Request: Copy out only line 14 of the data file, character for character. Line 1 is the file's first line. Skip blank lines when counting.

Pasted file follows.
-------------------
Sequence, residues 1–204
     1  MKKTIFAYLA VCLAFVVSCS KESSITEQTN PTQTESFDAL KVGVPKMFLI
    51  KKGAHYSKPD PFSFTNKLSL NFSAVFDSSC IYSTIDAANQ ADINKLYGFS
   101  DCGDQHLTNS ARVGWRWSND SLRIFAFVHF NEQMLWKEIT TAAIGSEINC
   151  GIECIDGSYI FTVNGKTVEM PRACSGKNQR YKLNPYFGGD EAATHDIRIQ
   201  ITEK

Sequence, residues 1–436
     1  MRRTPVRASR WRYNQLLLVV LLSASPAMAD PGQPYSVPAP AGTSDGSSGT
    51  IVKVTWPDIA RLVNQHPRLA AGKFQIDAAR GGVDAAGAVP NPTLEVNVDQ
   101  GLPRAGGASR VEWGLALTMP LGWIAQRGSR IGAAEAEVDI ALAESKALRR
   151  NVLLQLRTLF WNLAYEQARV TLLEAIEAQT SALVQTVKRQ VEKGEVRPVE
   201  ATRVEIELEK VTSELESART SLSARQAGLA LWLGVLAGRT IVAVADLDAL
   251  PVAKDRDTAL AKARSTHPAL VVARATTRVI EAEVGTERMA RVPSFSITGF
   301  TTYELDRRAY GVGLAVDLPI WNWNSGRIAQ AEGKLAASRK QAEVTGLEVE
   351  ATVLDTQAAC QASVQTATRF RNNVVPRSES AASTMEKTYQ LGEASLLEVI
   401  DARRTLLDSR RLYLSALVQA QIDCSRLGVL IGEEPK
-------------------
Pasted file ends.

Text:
   301  TTYELDRRAY GVGLAVDLPI WNWNSGRIAQ AEGKLAASRK QAEVTGLEVE